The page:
Education Week - January 13, 2016 - (Page 11)

REVERSING A RAW DEAL The struggle to bring affordable high-speed Internet to rural schools The farming town of Vardaman, Miss., is the self-described "Sweet Potato Capital of the World." PART 1 The Slowest Internet In Mississippi High school junior C.J. Weddle, center, hopes to go to a four-year college, but worries that her school's poor Internet access will hold her back. Stuck with huge bills for lousy Internet service, many rural schools are missing out on the digital revolution By Benjamin Herold Calhoun County, Miss. H ere in the tiny town of Vardaman, everything moves slowly. Especially the Internet at the local high school. The trouble begins early each morning. Teachers sweettalk their computers while trying to load the school's online attendance system. A few get lucky. The rest shake their heads, write the names of absent children on a sheet of paper, and send a student to the main office. On this fall day, school secretary Lisa Sutherland is given 15 names to enter. Each click of her mouse is followed by an excruciating delay. The system times out. Sutherland grits her teeth and starts over. Nearly half an hour after it begins, a process that should take seconds is finally complete. The 2,500 students in Calhoun County can't do Internet research in school. Computerized state testing here last spring was a disaster. Teachers have given up on using online tools in the classroom. The district has given up on buying the new digital technologies that are transforming schools elsewhere. And the most outrageous part: For the privilege of being stuck with the slowest Internet service in all of Mississippi, the nine-school Calhoun County district is billed $9,275 each month. "Frustrating is a mild word for it," said Mike Moore, the district's superintendent. "Smaller districts like us are at a tremendous disadvantage." It's true, despite a rapidly evolving landscape. Over the past two years, the United States has made huge strides in connecting schools, including those in rural areas. More than threequarters of districts nationally now provide at least adequate Internet access, according to a recent analysis by the broadband-advocacy group EducationSuperHighway. But 1 in 5 rural districts still can't access the fiber-optic cables that are bringing high-speed Internet to schools elsewhere, the analysis found. And even when they do get decent connections, rural schools are typically charged far more than their urban and suburban counterparts. The result, experts say, is that many rural districts still face a steep climb to meet long-term federal goals for school connectivity, even though most currently provide students with the minimum recommended bandwidth. "The challenge for rural America is the future," said Evan Marwell, EducationSuperHighway's CEO. "If we don't get affordable fiber out to those communities, they're going to get left behind." Geography, bad policy, and a severe shortage of technical expertise within schools all contribute to the problem. So do the business practices of telecoms: AT&T and Verizon have been accused in lawsuits and other legal actions of bilking the system of millions of dollars, while many smaller companies have taken advantage of local monopolies and generous federal subsidies. Ultimately, efforts to find a solution will be underwritten by the American people. Fees on consumers' phone bills fund the federal program called the E-rate. The E-rate, in turn, covers a portion of the cost of phone and Internet service for schools and libraries. Since its inception in 1996, the program has paid out over $30 billion. This school year, it has begun paying out even more. In late 2014, the Federal Communications Commission approved a huge increase in E-rate spending, to $3.9 billion each year. Over the objections of the powerful telecom lobby, the commission also approved a number of policy changes intended to help rural schools. The idea is that more money, plus more competition, will add up to faster, SEE MORE ONLINE > This extensive examination of ed-tech challenges in rural schools was first published online. The online presentation features more in-depth narratives, additional charts and photos, and interactive features. ONLINE EXTRAS: WEBINAR: Watch an on-demand webinar, Wiring Rural Schools, featuring experts from the U.S. Department of Education and the Consortium for School Networking. WiringRuralSchools Photography by Swikar Patel/ Education Week EDUCATION WEEK | January 13, 2016 | | 11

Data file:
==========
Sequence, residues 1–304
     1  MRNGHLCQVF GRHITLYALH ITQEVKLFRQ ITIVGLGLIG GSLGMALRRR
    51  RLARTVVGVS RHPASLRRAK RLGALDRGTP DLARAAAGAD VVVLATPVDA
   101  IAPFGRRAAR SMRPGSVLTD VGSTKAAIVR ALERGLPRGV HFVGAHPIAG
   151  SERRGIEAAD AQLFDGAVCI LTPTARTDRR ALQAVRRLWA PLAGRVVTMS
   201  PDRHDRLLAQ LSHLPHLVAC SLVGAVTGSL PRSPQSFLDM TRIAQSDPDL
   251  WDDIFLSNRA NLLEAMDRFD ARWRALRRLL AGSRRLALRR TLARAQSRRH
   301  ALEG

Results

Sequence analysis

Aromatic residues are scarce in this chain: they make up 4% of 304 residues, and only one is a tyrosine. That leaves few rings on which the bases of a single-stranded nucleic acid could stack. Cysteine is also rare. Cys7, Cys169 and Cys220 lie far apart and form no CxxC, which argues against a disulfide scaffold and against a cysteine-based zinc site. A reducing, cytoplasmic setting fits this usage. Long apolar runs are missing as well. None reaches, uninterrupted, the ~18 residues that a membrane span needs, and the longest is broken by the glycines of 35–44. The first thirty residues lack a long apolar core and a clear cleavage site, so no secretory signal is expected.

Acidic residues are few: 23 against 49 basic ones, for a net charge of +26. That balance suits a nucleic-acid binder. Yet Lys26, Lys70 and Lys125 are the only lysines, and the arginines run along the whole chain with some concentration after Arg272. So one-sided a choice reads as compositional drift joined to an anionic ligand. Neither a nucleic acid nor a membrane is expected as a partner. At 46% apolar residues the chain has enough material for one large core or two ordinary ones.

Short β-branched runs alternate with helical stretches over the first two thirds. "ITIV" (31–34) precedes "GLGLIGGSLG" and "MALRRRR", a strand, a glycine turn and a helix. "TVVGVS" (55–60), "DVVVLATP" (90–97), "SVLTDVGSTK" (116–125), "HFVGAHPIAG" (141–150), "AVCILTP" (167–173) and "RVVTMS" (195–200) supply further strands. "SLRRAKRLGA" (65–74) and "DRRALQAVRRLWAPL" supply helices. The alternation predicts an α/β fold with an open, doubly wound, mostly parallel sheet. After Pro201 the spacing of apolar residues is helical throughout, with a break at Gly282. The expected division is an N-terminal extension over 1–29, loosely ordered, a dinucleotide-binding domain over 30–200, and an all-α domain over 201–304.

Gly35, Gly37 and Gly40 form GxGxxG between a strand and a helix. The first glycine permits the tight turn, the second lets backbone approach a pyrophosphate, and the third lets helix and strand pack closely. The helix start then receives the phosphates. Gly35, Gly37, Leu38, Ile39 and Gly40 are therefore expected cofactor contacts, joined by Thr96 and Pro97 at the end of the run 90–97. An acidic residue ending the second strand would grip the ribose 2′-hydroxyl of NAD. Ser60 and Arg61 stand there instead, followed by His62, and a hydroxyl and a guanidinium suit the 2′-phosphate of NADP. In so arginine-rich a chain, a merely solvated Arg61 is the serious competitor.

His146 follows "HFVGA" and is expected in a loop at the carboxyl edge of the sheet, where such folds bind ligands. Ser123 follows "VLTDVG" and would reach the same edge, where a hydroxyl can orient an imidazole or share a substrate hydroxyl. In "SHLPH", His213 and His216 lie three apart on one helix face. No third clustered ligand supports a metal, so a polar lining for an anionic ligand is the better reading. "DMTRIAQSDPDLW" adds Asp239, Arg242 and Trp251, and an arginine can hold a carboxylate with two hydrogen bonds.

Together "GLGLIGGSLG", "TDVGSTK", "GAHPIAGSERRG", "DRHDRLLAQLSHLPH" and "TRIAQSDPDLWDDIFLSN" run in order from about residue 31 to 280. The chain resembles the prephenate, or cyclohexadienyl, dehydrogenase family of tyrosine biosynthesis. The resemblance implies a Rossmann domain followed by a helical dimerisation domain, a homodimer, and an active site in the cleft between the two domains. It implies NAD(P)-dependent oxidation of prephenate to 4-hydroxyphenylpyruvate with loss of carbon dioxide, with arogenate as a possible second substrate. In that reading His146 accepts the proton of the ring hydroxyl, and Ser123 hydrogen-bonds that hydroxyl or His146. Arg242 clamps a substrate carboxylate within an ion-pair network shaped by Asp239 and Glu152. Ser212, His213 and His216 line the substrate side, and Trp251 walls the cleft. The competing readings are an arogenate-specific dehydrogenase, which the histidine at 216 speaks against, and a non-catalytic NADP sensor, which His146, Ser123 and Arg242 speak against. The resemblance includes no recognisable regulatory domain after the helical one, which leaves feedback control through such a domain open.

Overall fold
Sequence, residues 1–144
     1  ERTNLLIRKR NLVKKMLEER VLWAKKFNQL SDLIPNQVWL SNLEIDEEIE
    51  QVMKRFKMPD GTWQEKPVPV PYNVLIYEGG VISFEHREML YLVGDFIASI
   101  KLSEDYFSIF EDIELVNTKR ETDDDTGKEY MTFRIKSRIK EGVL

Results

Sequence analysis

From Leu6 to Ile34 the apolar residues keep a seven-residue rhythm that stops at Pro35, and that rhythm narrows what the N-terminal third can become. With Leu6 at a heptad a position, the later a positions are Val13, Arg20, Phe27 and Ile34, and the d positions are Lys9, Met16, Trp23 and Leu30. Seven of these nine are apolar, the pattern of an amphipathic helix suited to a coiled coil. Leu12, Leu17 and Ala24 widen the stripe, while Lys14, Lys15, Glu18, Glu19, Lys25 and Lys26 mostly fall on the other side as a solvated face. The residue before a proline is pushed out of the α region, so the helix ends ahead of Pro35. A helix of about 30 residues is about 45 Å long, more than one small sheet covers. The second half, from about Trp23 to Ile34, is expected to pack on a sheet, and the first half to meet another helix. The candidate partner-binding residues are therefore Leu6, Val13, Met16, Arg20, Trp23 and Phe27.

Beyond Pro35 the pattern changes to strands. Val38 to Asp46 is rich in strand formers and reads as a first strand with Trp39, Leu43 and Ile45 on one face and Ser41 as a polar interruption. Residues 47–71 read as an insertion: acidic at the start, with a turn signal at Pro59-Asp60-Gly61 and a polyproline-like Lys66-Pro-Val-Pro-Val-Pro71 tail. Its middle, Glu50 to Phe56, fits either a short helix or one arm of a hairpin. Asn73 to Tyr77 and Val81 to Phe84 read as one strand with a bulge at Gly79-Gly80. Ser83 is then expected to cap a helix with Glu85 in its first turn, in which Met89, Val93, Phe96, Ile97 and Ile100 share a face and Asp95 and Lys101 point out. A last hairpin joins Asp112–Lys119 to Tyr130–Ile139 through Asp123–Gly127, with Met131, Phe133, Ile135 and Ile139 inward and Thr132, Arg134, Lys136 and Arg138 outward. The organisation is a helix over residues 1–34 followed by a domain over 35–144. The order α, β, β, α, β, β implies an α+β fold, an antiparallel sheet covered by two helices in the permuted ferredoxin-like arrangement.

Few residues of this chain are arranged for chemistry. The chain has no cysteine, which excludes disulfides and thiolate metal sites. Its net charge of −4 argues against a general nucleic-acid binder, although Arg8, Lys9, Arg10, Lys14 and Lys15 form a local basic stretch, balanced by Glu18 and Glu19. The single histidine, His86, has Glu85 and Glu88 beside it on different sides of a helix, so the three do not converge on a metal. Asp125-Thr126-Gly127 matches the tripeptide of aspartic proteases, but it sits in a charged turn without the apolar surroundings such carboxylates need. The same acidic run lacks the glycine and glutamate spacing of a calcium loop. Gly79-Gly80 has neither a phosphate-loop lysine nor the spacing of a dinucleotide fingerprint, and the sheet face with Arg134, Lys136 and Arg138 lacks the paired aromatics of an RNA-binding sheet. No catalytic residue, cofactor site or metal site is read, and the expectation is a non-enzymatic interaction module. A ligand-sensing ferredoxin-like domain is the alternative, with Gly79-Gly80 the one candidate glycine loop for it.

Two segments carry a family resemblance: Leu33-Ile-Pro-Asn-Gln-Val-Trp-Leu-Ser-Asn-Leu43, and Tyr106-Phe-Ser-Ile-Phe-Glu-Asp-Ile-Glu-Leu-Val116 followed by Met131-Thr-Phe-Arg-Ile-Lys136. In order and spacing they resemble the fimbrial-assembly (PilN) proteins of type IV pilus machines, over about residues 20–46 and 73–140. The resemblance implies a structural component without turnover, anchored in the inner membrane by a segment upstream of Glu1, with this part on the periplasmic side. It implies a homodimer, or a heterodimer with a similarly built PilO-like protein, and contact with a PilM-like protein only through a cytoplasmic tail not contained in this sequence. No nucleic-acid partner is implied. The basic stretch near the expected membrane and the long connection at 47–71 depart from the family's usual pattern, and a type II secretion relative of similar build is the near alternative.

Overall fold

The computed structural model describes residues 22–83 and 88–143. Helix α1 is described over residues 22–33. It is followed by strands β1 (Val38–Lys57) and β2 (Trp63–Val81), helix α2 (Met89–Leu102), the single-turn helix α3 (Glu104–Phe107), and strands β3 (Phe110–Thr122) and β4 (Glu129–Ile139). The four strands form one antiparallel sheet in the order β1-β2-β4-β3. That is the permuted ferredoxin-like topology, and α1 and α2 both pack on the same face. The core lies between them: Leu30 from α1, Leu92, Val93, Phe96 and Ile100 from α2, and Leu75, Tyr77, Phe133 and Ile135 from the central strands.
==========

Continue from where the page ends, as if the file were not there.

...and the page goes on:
Table of Contents for the Digital Edition of Education Week - January 13, 2016

Education Week - January 13, 2016
Education Still Struggling for Traction as Campaign Issue
School Revenue Squeezed in Oil, Coal States
Feds to K-12: Ensure Safety For Muslims
Report Roundup
News in Brief
Political Winds Buffet Tenn.’s Achievement School District
Charter Sector to Get $1 Billion Boost From Walton
In the ‘Chess Capital’ of St. Louis, Game Takes Root in Poor Districts
Blogs of the Week
Education Week Launches Premium Site for K-12 Companies
The Slowest Internet in Mississippi
Rural Schools, Telecoms Battle Over Internet Pricing
‘Washington Gave Us Leverage’
Amid Its Own Changes, Research Office Gears Up for New ESSA Duties
Education Department Begins to Scope Out ESSA-Era Role
Blogs of the Week
Own the ‘Messy Dress’ of Scholarship
Stick to the Truth
Embrace the ‘Hurly Burly’
TopSchoolJobs Recruitment Marketplace
Edu-Scholars and the Public Square: What Is Our Responsibility?

Education Week - January 13, 2016